“But again, as you stated, it’s the receiver’s complaint. And the defendants have not had their opportunity to come back and state their view of the facts in their case, which I’m sure they will do.”

You already addressed the argument that if the government did not catch Madoff sooner, why should the Wilpons or Saul Katz have suspected fraud and known. But another factor they’re likely to bring up is, ‘Hey, look, we recommended people we have an affinity for to invest with Madoff. It’s not like we were trying to sucker other people into investing and have them lose their money to fuel Ponzi profits for us. Relying on Madoff being a family friend for years and years and years, we gave him the benefit of the doubt. We steered people who we have an affinity for to these funds because we thought it was aboveboard.’ Could that be a compelling defense?

“Sure, I think they can argue that. And if those are the facts, then it would be up to the trier of facts, a jury, to decide, ‘OK, which is which in terms of what’s happening?’ If they get to that point, if it gets to a trial and it didn’t resolve itself before trial, the defendants are going to have to try to reconcile the allegations of information, assuming there are facts to support the allegation, with their other actions. And they’re going to have to explain, ‘OK, we recommended this. Here’s why we recommended this. Here’s why we continued to invest even though we were told X, Y and Z -- that there were red flags, and this was dangerous,’ if that’s true.

“Yeah, you can certainly try to tell that story and say, ‘Wait a second. I’m innocent. I just got caught up in this. I had no idea that there was a fraud going on. And I couldn’t have known. If I would have known, I wouldn’t have put people that I love and care for in that type of position.’ And maybe that’s compelling.

“The other side is a lot of times these things come up when people are talking about it, and they say, ‘Well, who do you use [to invest]?’ Someone says, ‘Well, I use this guy and he’s been great. I’ve generated these great returns.’ And that’s how that other person gets involved. In a lot of Ponzi schemes, it is a lot of word of mouth, and people are introduced by friends or relatives. You hear stories from investors who say, ‘You know, when I first looked at it, it sounded a little too good to be true, but I know so-and-so, who told me, ‘No, I’ve already got a return on my investment,’ so this is legit.’ And they rely on that relationship and invest. And frankly that’s something that the Ponzi schemer is relying on, that the people that they’ve paid and who have realized these paper profits and gotten back some profits, even though they end up being false profits, are going to spread the word to their friends and family and it’s going to result in more business. In many of these Ponzi schemes there’s an air of exclusivity to it that can be very attractive for people. That’s part of what gets them caught up in something that when they step back they say, ‘Geez, maybe that wasn’t a good idea, but I had these examples of other people I know and trust having already done well.’”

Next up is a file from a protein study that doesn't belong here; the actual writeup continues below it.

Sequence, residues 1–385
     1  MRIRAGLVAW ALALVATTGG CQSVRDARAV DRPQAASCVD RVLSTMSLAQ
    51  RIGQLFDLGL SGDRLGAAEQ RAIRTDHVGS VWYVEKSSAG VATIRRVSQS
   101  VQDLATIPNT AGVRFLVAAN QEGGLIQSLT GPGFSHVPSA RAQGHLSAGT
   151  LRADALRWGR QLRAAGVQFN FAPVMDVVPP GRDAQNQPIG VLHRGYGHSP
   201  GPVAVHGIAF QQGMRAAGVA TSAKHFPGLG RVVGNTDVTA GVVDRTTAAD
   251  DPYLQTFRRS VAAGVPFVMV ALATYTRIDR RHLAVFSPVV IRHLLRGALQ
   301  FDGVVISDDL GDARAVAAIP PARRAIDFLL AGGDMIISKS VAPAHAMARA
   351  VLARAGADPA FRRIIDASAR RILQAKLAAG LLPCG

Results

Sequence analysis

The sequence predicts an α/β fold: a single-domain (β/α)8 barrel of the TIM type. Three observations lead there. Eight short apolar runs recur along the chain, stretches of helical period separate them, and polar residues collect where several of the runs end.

I’ve talked to experts last week and pretty much covered it, but I wanted to make sure you don’t see it differently: If Irving Picard can substantiate that from certain funds $300 million was withdrawn over principal, even if other funds had lost money that Sterling possessed, is it fairly established at a bare minimum that the judgment -- even if there was no knowledge, no should have known -- that the $300 million would be the base number for the award?

“I agree, with a slight caveat. I would phrase it this way: that the general rule in these types of Ponzi schemes is that false profits are going to go back to the estate. The so-called ‘net winners’ have to disgorge their profits. The question I have with those additional accounts is: How do you factor in what is a profit? And I don’t know the details about the accounts.

“For example, if you had in your name five different accounts at a Ponzi scheme for a total of a $100,000 investment. I’m going to say there are five accounts of $20,000 each. And on two of those accounts you cashed them out and you get $30,000 for each of them. You can look at that and say, ‘OK, on those accounts, you had a profit of $10,000 on each -- total profit of $20,000. You have to give that back.’ Alternatively, even though they’re under separate numbers, if they’re all under your name, and just your name, so that it’s your account, and there is no distinguishing it with an account with, say, you and your parents or your wife or what have you with somebody else, if you’re the defendant, you’re going to argue: ‘No, no, no. That needs to be concluded together. You need to look at my total investment of $100,000. I only got $60,000 out. I’m actually a net loser of $40,000. Just because I put them under separate numbers for accounting reasons, it’s still my money.’”